HGE version permits you to change the gain for all the channels to any value by adding a precision resistor on the external ADC board. This was the configuration of the previously offered 40Khz non-programmable gain version. The 50Khz and 160Khz come standard as HGE. (note: modules labeled as 50Khz or 160Khz "HG" are really "HGE").

HGI version has precision gain resistors already included with predefined gain settings of 1 or 2 (input ranges of +/-10v, 0 to +10v, +/-5v, 0 to +5v) set by changing jumpers. The precision resistors are internal to the module and are factory matched to track over time and changes in temperature. This was the configuration of the previously offered 100Khz module and 125Khz module. (note: modules labeled as 125Khz "HG" are really "HGI"

PG = Programmable Gain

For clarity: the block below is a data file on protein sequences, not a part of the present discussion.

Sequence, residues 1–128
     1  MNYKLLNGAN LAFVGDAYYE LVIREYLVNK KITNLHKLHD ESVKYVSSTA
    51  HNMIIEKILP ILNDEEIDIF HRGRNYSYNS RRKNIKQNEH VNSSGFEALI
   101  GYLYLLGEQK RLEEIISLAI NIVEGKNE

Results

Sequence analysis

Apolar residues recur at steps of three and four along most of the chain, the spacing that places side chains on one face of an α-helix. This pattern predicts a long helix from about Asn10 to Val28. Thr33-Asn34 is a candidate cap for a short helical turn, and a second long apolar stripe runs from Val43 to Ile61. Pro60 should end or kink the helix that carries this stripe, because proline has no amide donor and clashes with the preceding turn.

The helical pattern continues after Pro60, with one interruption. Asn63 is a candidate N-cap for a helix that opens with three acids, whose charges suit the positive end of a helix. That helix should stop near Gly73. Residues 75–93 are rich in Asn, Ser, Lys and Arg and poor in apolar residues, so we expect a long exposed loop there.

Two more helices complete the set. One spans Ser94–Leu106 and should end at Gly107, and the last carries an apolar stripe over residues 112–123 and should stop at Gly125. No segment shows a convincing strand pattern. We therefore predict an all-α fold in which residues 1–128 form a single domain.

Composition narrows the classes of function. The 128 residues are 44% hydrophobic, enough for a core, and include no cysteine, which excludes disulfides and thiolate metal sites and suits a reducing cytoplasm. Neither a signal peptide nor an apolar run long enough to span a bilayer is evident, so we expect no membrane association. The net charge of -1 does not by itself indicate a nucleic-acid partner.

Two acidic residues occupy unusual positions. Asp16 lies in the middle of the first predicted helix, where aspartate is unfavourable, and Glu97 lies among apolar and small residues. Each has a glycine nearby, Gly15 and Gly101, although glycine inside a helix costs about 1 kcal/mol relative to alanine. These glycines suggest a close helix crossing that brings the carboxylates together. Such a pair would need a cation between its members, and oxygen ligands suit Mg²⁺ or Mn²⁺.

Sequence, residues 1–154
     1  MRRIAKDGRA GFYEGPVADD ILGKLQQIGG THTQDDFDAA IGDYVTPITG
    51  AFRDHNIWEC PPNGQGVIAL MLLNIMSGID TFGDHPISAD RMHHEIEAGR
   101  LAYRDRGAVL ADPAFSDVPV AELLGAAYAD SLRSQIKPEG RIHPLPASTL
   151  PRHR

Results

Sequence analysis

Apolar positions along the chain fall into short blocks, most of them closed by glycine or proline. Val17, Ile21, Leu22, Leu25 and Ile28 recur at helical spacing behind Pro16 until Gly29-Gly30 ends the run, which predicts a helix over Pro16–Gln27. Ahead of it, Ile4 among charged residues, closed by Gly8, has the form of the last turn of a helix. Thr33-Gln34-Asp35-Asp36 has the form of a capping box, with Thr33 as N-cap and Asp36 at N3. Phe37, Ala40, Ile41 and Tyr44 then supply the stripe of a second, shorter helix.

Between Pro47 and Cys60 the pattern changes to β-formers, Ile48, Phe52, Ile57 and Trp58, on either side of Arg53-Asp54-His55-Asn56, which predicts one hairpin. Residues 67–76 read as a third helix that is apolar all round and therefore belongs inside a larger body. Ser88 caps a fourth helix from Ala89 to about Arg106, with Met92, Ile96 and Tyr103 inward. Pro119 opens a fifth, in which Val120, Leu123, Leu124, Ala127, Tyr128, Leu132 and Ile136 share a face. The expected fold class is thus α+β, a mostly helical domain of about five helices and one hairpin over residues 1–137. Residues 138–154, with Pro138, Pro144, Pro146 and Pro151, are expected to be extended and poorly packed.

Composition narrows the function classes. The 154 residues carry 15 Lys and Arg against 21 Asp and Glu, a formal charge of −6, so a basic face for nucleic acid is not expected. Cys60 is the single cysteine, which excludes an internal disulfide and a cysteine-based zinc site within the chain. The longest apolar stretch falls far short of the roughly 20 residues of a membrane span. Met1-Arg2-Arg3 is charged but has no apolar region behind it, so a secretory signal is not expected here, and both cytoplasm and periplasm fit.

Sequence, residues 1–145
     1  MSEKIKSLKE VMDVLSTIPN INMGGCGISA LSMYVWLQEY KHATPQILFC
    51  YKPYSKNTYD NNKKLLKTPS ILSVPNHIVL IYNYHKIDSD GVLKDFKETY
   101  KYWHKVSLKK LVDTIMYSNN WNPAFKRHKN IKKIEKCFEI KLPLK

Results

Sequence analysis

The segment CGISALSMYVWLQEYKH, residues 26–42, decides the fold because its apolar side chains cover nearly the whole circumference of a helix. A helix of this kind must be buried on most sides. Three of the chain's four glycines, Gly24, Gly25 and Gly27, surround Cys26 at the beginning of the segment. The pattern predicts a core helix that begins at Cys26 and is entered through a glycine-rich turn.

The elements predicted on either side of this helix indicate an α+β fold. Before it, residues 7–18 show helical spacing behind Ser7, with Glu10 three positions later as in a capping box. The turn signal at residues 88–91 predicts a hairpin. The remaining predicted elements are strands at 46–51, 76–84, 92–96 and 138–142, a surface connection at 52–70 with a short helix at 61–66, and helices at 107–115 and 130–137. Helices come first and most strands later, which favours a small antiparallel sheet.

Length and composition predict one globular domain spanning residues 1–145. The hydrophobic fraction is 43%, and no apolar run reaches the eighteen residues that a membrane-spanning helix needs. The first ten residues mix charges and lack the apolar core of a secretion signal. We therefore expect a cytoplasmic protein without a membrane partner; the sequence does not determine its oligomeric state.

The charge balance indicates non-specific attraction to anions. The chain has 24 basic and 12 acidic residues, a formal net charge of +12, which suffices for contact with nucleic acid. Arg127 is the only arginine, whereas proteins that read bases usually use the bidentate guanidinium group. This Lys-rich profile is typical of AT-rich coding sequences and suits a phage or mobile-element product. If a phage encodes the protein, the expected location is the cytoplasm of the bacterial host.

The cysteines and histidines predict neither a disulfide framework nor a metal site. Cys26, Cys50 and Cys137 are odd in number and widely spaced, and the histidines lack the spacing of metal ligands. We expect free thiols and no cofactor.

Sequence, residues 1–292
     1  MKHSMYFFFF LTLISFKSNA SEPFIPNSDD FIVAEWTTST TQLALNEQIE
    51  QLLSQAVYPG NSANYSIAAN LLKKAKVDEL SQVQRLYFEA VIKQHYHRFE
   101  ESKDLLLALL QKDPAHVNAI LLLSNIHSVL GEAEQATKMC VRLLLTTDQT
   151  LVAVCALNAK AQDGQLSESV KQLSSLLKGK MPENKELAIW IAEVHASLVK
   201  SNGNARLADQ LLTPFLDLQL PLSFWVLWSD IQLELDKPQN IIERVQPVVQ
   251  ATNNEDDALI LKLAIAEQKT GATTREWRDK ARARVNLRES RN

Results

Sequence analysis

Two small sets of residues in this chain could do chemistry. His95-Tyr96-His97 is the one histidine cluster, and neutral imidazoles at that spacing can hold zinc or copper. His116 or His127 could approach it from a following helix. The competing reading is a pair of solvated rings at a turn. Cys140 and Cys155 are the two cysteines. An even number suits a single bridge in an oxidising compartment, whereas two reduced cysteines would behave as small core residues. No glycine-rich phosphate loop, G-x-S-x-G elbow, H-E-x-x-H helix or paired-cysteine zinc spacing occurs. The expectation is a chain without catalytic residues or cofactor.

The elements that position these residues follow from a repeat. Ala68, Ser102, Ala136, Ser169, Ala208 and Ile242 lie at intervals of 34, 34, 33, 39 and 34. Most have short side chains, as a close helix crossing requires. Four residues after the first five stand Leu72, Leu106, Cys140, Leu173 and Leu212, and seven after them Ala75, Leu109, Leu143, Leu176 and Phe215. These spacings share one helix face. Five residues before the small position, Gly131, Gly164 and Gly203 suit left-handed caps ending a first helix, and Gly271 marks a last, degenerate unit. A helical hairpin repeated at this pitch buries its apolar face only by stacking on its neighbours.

PG stands for Programmable Gain. There are two versions of the PG module, referred to as PGL and PGH. In either case, the gains are under software control and can be changed "real time" on a sample-by-sample basis.

PGL stands for Programmable Gain Low. This version has software programmable gains of 1, 10, 100, 500. It is called PGL, Programmable Gain Low, because it is intended to be used with low level signals that need higher gains.

PGH stands for Programmable Gain High. This version has software programmable gains of 1, 2, 4, 8. It is called PGH - Programmable Gain High - because it is intended to be used with high level signals that need lower gains.

Choices for gain include HGE(external resistor selected to any), HGI(internal resistors selected for 1 or 2), PGL(1,10,100,) or PGH(1,2,4,8). Contact Scientific Solutions regarding any special requirements.

Analog-to-Digital Conversion - Feature Summary

arrowDigital-to-Analog Conversion (DAC)

The two independent, 12 bit D/A converters individually configure for one of five voltage ranges. Each DAC can also be set to support a 4-20mA current loop. The voltage and current outputs are available on separate connectors. The voltage output from a DAC is changed by writing a low and a high byte to two I/O locations. The value of the high byte is saved until the low byte is latched to insure all 12 bits reach the DAC simultaneously.